8 514 G. Lindgren et al. / Ocean Engineering 26 (1999) Fig. 2. Encountered mean wave period as a function of speed, c p, for c (0.125)2.5. Isotropic (solid), meeting (dashdotted), and trailing (dashed) waves, with Pierson Moskowitz spectrum. The three speed values illustrated in Fig. 3 are marked with circles. Fig. 3. Encountered wave period density functions for Gaussian waves with isotropic (left), meeting (middle) and trailing (right) Pierson Moskowitz waves; 0 (solid), p /2 (dashed), p (dashdotted), 2 p (dotted). 4. Derivation of encountered spectrum We use the symbol to denote frequencies in the fixed location spectrum and the symbol for encountered angular frequencies. If the directional fixed location spectral density is G(, ), the covariance between (0,0) and (t,x) becomes, with x (x 1,x 2 ), /2 Cov( (0,0), (,x)) cos( x 1 cos x 2 sin )G(, )d d, /2 where 2 /g > 0 at infinite depth; cf. Eq. (3). Note that we allow between and and restrict to positive values. For an object moving with speed along the x 1 axis the covariance function of the encountered waves is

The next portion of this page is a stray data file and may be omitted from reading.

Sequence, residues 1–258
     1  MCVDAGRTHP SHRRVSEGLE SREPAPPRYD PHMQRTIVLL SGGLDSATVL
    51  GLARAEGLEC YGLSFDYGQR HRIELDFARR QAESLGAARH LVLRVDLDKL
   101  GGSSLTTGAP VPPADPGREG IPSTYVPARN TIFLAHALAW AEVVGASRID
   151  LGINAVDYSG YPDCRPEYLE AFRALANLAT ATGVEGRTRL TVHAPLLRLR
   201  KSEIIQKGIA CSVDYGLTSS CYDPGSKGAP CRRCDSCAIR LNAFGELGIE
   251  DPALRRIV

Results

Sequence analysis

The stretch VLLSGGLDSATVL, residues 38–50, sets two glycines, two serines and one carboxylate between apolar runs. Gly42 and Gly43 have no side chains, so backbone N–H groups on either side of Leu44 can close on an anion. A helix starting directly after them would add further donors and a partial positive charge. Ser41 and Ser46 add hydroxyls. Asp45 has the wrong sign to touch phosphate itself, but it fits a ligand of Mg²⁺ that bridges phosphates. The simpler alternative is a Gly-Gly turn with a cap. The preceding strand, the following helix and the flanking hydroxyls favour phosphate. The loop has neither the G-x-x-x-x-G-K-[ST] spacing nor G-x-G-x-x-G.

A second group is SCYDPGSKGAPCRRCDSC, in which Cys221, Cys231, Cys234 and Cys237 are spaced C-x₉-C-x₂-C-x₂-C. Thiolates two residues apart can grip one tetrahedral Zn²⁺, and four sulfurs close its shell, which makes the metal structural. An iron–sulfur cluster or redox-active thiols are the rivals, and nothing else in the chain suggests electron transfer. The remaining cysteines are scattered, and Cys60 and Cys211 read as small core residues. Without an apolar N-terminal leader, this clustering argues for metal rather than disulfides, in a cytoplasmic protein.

9 G. Lindgren et al. / Ocean Engineering 26 (1999) r ( ) ( ) Cov (0,0), (,(,0)) (9) /2 cos 2 g cos G(, )d d. /2 To find the encountered frequency spectrum, we make a change of variables, 2 g cos ( ), where 0 ( ) g 2 cos. The dependent constant 0 ( ) is important in the future. In fact, 2 0 ( ) is equal to the dependent frequency of an encountered standing wave, seen from the ship. Letting 0( ) 0 ( )/2, we further define T( ) ( /2, /2]; 0( ) >, (10) ± ( ) 0 ( ) 0 ( ) ( ), for 0( ). (11) From Eq. (9) we get r ( ) ( ) where cos T( ) G (, + ( )) G (, ( )) d d, (12) G (, ) G(, ) / G(, ) 1 2. (13) g cos Inserting ± ( ) into the denominator of Eq. (13), we get 1 2 g ± cos 1 ± 0 ( ) 1 0( ), (note that 0 ( ) > 0). The sum of integrals within large parentheses in Eq. (12) is the encountered spectrum. We summarize these results in a theorem.